E&E: NAS oil spill report emboldens drilling foes

Margaret Kriz Hobson, E&E reporter
Published: Thursday, April 24, 2014

A new scientific study that concludes the United States lacks the resources and scientific data necessary to adequately respond to an Arctic oil spill is energizing the environmental community’s campaign to ban oil drilling in the ice-laden waters.

The comprehensive National Academy of Sciences report released yesterday found that the federal government needs additional response tools, personnel and infrastructure to address oil spills in America’s Arctic (Greenwire, April 23).

The panel called for expanded, on-the-ground research to improve oil cleanup technologies for use in the Arctic’s extreme weather and environmental conditions.
Researchers also suggested that oil spill responders need “improved port and air access, stronger supply chains, and increased capacity to handle equipment, supplies, and personnel.”

However, the study concludes that oil spill response improvements have been set back by a lack of federal funding to address those deficiencies.

Several environmental groups responded to the scientific report by demanding an end to oil development in the American Arctic, at least until the government finds more effective ways to handle oil spills in the frigid North.

Margaret Williams, managing director of Arctic programs for the World Wildlife Fund, said the Obama administration “should not approve further Arctic oil and gas leasing or specific activities unless and until spill prevention and response technologies are proven effective in this harsh environment.”

Lois Epstein, Arctic program director for the Wilderness Society, said the report “documents the reasons why we cannot clean up — and are unlikely to ever effectively recover — a significant percentage of oil from any major spill into the Arctic Ocean.”

“We need to decide as a country if it makes sense to risk the near-pristine Arctic Ocean environment now that we know there is little that can be done to clean up major oil spills,” Epstein said.

Sierra Club Alaska Program Director Dan Ritzman said the NAS report reinforces the environmental community’s concerns that “we shouldn’t be drilling in the Arctic Ocean.”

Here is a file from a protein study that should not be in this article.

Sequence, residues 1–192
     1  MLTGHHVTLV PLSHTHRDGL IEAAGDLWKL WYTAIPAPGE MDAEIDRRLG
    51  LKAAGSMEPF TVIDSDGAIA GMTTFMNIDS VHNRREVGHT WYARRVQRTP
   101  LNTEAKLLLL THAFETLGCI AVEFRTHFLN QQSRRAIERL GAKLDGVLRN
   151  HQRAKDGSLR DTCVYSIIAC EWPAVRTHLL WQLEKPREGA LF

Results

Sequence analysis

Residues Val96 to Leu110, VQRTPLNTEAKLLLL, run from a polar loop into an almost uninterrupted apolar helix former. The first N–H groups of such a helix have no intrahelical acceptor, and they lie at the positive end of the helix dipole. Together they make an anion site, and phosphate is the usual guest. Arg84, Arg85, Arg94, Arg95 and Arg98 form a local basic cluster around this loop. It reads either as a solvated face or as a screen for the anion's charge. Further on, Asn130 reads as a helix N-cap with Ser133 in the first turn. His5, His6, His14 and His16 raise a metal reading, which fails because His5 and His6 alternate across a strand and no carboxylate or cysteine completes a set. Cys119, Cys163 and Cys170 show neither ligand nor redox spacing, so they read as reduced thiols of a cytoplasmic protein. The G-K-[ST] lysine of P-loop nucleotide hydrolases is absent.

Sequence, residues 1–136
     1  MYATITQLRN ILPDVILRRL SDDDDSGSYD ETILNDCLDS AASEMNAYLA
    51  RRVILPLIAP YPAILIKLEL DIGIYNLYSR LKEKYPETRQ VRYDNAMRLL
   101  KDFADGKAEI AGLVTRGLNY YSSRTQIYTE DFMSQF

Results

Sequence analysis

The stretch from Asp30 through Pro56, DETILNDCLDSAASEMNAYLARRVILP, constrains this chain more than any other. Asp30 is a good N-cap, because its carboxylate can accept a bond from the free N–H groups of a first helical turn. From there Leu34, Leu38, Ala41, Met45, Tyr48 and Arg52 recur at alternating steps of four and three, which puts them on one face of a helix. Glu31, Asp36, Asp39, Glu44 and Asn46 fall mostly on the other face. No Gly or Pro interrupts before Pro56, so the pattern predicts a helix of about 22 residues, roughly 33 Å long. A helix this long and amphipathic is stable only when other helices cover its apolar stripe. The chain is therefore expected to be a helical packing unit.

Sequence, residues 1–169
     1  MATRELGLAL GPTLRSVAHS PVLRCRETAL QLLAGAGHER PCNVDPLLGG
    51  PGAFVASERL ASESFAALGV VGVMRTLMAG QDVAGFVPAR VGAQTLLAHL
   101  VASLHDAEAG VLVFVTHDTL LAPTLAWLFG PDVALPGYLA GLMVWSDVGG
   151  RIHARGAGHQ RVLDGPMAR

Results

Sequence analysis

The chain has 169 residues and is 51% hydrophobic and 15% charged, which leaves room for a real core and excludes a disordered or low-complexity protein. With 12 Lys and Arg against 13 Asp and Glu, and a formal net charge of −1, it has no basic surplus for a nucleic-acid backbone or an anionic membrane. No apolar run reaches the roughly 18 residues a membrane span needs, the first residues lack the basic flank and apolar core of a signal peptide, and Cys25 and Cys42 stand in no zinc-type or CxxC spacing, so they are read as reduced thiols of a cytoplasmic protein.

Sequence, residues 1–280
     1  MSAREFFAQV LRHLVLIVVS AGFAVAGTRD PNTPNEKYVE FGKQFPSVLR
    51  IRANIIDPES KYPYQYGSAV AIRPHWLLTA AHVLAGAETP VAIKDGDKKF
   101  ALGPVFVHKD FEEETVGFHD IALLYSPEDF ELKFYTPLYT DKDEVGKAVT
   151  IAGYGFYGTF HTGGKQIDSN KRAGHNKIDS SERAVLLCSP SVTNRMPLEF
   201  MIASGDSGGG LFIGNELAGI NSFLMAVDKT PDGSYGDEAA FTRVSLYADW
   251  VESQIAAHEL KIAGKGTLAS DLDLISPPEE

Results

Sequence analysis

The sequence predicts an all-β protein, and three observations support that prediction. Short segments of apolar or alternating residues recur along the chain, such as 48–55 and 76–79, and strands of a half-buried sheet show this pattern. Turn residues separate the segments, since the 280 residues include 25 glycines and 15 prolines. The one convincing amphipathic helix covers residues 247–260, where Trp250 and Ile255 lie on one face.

But Charles Ebinger, director of the Brookings Institution’s Energy Security Initiative, disagreed, arguing that the report is just the most recent evidence that the federal government should fund more Arctic research and resources.

“Certainly we need to spend a lot more on resources, beef up the Coast Guard’s capabilities, make sure that we have onshore supporting infrastructure in place in the event of an accident of any kind,” he said.

“All of that has to be done. But that’s a question of allocation of resources. That’s not saying the Arctic shouldn’t be drilled in.”

“You’ve got companies moving into Greenland,” Ebinger added. “The Arctic is being developed. It’s a question of whether we’re going to adopt so many restrictions that our Arctic either doesn’t get developed or lags behind.”

Alaska Sen. Mark Begich (D) echoed those concerns. “Arctic development will happen whether we are prepared or not — we’ve already seen significant increases in marine traffic and natural resource exploration by domestic and international interests,” he said.

More studies ahead
The report comes more than a year after Royal Dutch Shell PLC tried — but failed — to become the first company in decades to explore for oil in Alaska’s Beaufort and Chukchi seas. The company’s 2012 season was marked by equipment problems, unpredictable ice floes and an oil rig grounding.

More recently, Shell’s Arctic drilling efforts have been delayed by a January appeals court decision invalidating the environmental assessment that the Interior Department used to support the federal government’s 2008 lease sale (EnergyWire, April 21).

But once those legal issues are sorted out, oil industry representatives assert, federal regulators should allow Arctic oil exploration to move forward as they improve available oil spill response technologies.

American Petroleum Institute senior policy adviser Richard Ranger said the National Academy study should not be a roadblock to future oil exploration in Alaska’s northern waters.

“Shell demonstrated to the satisfaction of the agency that they possess the capability to respond to a foreseeable spill incident at this exploration stage” in the Arctic, Ranger argued.

“If exploration succeeds in identifying resources for development, then there are a lot of tasks ahead before those resources could be brought online,” he noted. “There would be additional studies needed, additional preparedness and project design to go forward into the next phase of project development.”

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